Another important part of the academic reform taking place as part of the Bologna process is the awarding of credits (which have many names in German, including Leistungspunkte, used at Freie Universität, and found elsewhere as Studienpunkte or Kreditpunkte) under the European Credit Transfer System (ECTS).
ECTS credits do not merely measure the time a student spends attending courses (like credit hours, or Semesterwochenstunden), but instead reflect all of the work a student has to perform in order to pass an exam. ECTS credits are therefore not awarded for the workload as such, but, in principle, only if the student has participated regularly and actively in the courses and course types specified in the study and exam regulations and has passed the appropriate module exam with an overall grade of at least 4.0 (on the German scale from 1 to 6).
One point for 30 hours of work
According to the ECTS, the work required to complete one semester is fundamentally equivalent to 30 credits. In this context, it is assumed that the student is enrolled full-time, at a total estimated annual workload of 1800 hours (45 weeks at 40 hours per week, or 30 hours per credit), even though the actual number of weeks spent in class may vary.
This means that each semester, students are required to invest about 900 hours in their studies. The period when classes are not in session, called the vorlesungsfreie Zeit, is definitely not considered time off from working or studying, even if it is often called “semester break” (Semesterferien).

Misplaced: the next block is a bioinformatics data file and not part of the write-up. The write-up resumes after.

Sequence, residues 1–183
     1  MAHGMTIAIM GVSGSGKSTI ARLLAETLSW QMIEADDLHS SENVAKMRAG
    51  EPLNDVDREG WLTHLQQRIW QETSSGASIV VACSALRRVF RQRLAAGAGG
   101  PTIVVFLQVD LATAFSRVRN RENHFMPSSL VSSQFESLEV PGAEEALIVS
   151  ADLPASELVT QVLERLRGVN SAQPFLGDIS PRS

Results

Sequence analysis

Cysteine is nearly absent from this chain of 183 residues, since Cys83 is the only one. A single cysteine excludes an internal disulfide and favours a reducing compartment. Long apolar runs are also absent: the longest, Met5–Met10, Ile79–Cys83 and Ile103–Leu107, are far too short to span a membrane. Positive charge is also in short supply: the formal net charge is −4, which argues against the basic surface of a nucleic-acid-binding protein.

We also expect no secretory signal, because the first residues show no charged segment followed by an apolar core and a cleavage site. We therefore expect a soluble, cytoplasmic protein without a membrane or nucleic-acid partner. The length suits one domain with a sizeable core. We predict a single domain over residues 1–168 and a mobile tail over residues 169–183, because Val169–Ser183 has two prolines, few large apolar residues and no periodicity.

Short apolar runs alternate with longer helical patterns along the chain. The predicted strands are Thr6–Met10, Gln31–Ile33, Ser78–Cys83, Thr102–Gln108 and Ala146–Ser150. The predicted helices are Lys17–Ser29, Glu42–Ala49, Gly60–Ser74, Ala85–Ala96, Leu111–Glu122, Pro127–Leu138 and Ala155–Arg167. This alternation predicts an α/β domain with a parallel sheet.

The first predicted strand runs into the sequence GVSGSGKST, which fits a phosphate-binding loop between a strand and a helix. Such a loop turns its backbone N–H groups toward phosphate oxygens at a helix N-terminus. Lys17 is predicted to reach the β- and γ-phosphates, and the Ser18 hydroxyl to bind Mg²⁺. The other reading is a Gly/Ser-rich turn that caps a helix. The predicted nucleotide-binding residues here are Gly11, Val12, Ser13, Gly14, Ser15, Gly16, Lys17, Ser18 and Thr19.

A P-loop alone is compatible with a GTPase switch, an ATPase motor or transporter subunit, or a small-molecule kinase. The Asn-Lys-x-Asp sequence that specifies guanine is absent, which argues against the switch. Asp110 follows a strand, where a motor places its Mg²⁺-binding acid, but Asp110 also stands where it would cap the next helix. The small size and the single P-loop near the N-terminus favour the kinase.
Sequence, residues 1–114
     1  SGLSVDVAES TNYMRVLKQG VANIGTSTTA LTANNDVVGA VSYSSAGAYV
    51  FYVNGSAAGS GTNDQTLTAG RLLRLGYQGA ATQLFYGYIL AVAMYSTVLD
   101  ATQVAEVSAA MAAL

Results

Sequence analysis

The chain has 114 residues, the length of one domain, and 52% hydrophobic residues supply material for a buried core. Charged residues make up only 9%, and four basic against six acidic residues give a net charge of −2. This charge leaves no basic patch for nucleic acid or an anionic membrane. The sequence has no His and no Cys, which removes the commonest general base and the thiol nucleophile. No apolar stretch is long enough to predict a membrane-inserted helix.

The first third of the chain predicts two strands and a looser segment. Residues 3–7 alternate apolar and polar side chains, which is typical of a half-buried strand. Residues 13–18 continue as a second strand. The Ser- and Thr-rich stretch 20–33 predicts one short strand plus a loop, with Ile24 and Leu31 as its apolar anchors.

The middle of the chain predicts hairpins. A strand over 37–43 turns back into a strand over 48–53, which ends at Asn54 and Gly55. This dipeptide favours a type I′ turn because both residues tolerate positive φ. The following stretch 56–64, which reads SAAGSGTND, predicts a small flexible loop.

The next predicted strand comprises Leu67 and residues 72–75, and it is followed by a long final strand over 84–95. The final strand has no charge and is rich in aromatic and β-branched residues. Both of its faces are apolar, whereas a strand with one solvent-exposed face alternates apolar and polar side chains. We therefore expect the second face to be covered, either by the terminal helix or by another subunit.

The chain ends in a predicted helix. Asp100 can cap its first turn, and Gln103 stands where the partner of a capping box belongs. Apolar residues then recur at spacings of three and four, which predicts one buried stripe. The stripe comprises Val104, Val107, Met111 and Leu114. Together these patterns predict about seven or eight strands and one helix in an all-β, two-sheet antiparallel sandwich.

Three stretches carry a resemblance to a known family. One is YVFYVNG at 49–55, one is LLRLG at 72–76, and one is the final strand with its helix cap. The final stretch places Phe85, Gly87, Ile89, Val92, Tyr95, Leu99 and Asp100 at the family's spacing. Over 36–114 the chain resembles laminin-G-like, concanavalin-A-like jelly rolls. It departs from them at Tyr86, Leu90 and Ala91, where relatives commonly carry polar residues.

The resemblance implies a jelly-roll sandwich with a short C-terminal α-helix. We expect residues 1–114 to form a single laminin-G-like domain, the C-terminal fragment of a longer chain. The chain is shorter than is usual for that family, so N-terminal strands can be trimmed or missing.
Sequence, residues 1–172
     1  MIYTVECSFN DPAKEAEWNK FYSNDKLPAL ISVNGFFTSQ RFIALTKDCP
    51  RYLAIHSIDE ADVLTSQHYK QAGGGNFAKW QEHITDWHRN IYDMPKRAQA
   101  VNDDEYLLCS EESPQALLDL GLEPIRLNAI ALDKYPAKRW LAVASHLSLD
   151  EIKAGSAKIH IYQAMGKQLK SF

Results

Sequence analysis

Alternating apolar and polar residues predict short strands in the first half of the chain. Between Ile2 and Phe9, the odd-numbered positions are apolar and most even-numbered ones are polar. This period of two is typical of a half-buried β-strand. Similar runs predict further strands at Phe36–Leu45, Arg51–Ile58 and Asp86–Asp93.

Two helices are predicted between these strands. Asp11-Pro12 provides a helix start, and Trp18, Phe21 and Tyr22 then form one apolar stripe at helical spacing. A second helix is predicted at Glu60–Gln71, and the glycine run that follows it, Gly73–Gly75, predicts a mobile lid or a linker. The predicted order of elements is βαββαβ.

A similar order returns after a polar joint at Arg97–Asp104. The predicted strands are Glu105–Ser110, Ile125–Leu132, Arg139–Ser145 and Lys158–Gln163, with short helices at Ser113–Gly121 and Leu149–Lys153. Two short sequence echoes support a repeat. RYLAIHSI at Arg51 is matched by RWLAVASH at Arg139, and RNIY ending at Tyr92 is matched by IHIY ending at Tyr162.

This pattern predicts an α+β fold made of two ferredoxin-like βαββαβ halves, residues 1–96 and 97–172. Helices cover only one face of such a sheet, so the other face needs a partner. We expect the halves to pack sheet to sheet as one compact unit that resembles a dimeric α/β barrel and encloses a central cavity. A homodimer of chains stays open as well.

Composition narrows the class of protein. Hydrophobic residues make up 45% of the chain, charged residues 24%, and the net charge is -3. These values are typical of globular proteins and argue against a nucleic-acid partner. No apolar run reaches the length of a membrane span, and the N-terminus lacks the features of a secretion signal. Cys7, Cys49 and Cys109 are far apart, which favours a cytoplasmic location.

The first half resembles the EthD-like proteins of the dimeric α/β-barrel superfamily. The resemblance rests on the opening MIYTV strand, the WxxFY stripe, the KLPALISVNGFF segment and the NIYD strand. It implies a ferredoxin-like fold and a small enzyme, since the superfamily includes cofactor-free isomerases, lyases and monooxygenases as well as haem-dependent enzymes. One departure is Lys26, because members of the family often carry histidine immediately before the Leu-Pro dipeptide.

A diploma supplement is issued to graduates in German and English when they complete their degrees. A sample supplement is appended to each set of examination regulations, containing detailed information on the content of the program.
Like the ECTS, the aim of the diploma supplement is to simplify the process of transferring or earning credit for prior studies and examinations undertaken at other higher education institutions in Germany and abroad. The diploma supplement also provides potential employers with important further information on the content of the academic program the student has completed.
When a student transfers between higher education institutions, both within Germany and abroad, the number of ECTS credits is not the only basis of comparison used to determine the credit for which the student’s prior studies are eligible. Before credit is given for a student’s prior studies and examinations, an “equivalency review” is performed. The goal of this step is to determine whether the studies completed at another university are in accordance with the profile of the academic program in which the student wishes to earn credit for these prior studies. The detailed module descriptions included in the study regulations facilitate this type of equivalency review.